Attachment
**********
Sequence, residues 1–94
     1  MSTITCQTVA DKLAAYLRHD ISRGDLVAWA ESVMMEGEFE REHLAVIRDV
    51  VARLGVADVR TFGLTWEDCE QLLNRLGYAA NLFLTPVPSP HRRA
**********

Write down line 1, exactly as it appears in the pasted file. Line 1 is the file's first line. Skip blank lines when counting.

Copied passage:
Sequence, residues 1–94